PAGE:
Superfund Research Program
Biological Dosimetry of Hexavalent Chromium
Project Leader: Anatoly Zhitkovich
Grant Number: P42ES013660
Funding Period: 2005-2014
Studies and Results
Hexavalent chromium is a widespread environmental carcinogen that is found at more than 100 Superfund sites. Once taken up by cells, chromium-6 undergoes reductive activation to chromium-3, which is responsible for the formation of mutagenic DNA damage and gross chromosomal abnormalities. In contrast, extracellular reduction of chromium-6 is a detoxification process producing cell-impermeable chromium-3. Human exposure to chromium-6 is commonly associated with ingestion or inhalation of other cancer-causing metals due to their co-presence at the majority of toxic waste sites. An important strategy for avoidance of adverse health effects due to exposure to toxic metals could be the use of chemopreventive agents that can suppress the ability of metals to cause genetic damage and other forms of biological injury. The researchers conducted detailed studies to evaluate a potential utility of N-acetylcysteine as a chemopreventive agent against chromium-6 and two other toxic and carcinogenic metals, cadmium and cobalt (Luczak M.W., A. Zhitkovich. 2013. Role of direct reactivity with metals in chemoprotection by N-acetylcysteine against chromium(VI), cadmium(II), and cobalt(II). Free Radical Biology & Medicine. 65:262-269. [Abstract]). N-acetylcysteine is generally known as a free radical scavenger that is used clinically for treatment of acetaminophen overdosing. The researchers found that N-acetylcysteine was very effective in protection of human cells against various toxic effects of all three metals, including such sensitive toxicity measures as activation of stress-responsive transcriptional factors, energy-generating mitochondrial activity, and long-term reproductive potential of cells. Unlike its activity against acetaminophen toxicity when N-acetylcysteine acts inside the cells, protective processes against metals principally occurred outside the cells and involved blocking the cellular entry of these toxicants. Inhibition of cellular accumulation of metals by N-acetylcysteine provided an explanation for its ability to effectively prevent all forms of cellular toxicity. Failure of toxic metals to be taken up by human cells in the presence of N-acetylcysteine resulted from the production of metal forms that were unable to cross cellular membranes. Examinations of N-acetylcysteine reactions allowed the researchers to identify specific chemical processes that led to loss of cell penetration by toxic metals. In the case of chromium-6, N-acetylcysteine catalyzed its conversion to cell-impermeable chromium-3. Reaction of N-acetylcysteine with cobalt and cadmium caused chelation (sequestration) of these metals and the resulting complexes lacked the ability to enter cells.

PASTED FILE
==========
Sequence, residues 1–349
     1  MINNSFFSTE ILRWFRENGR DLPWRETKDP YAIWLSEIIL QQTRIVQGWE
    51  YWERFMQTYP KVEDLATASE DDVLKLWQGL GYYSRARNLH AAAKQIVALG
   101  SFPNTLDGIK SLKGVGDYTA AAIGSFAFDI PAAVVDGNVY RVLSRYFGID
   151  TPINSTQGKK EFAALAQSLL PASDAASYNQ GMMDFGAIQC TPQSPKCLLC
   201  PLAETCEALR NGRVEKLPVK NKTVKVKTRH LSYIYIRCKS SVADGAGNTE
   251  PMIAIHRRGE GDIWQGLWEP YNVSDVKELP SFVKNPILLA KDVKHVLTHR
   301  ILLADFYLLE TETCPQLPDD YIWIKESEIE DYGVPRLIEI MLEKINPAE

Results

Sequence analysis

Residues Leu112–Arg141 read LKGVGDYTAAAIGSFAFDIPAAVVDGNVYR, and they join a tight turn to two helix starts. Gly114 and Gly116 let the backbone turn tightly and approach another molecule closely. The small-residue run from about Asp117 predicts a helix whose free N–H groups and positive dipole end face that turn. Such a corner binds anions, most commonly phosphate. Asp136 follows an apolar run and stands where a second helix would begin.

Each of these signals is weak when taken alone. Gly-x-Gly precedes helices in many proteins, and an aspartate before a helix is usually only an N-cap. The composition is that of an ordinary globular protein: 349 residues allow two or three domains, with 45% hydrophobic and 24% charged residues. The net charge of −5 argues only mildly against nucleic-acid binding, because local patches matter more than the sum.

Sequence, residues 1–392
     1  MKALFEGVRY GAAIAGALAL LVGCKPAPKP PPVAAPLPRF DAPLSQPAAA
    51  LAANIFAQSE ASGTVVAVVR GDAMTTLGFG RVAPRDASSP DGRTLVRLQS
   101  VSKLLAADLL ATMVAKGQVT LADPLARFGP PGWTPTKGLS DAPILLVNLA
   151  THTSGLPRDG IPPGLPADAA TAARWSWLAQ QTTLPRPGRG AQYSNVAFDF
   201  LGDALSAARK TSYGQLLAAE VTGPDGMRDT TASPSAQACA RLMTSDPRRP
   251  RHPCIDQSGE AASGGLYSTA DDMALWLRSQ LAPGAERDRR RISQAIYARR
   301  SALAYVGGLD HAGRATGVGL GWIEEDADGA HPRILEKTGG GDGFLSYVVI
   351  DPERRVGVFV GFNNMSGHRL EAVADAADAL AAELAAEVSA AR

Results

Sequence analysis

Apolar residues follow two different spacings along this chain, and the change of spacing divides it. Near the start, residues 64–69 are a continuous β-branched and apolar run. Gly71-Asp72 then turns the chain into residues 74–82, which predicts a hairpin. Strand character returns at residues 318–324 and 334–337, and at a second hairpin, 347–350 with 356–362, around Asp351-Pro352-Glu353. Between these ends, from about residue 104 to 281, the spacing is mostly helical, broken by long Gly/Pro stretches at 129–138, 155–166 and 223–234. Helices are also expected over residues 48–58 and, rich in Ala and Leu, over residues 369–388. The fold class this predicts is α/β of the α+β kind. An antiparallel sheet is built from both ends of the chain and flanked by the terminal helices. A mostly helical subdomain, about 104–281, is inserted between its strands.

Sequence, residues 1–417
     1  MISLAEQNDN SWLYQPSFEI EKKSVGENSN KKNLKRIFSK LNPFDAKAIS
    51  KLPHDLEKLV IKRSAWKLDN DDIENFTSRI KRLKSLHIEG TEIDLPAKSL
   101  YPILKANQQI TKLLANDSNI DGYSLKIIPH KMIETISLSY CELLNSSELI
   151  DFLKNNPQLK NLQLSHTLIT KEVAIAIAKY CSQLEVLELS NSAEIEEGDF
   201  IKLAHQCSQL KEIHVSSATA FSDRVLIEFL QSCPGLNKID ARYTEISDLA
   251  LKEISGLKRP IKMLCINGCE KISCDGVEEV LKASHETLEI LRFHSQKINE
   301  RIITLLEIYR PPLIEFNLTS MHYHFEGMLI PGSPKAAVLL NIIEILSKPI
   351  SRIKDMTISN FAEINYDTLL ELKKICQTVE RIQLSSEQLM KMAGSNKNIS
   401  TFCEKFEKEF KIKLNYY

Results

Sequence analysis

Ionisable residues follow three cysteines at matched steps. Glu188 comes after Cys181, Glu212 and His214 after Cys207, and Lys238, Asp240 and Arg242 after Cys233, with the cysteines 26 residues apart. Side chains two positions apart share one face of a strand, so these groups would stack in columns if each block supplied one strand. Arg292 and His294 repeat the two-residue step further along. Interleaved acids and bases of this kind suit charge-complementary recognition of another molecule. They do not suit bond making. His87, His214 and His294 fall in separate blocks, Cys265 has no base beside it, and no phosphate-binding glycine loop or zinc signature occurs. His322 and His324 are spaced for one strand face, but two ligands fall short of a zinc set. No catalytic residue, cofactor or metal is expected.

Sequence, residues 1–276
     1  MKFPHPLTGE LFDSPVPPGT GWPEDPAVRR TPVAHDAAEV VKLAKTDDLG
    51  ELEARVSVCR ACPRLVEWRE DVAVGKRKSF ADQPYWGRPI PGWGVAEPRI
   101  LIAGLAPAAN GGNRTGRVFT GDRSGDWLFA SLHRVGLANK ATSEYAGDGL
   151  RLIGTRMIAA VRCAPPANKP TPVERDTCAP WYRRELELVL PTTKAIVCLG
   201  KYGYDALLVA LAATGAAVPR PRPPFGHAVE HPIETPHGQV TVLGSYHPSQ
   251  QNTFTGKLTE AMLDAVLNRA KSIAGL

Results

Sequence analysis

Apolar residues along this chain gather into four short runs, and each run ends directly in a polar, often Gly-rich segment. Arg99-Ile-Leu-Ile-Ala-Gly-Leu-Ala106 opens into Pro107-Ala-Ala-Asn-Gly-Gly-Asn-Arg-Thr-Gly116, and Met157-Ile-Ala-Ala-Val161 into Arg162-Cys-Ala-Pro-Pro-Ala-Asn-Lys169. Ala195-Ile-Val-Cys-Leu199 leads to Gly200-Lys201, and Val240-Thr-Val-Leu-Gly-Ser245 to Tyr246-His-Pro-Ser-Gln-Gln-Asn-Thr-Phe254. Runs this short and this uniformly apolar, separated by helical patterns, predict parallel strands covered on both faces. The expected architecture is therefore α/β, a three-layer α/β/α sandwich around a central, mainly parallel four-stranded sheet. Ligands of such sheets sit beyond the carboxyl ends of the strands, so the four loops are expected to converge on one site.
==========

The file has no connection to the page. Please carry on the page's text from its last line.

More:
The researchers' studies identified an antioxidant-independent mechanism for chemoprotection by N-acetylcysteine against chromium-6 and two other carcinogenic metals, cobalt and cadmium. Bioinactivation of metals by N-acetylcysteine outside the cells provides a strong protection against cellular accumulation of these ubiqiuotous toxicants, which is responsible for adverse health effects of chronic, low-dose environmental exposures and is difficult to recognize and treat.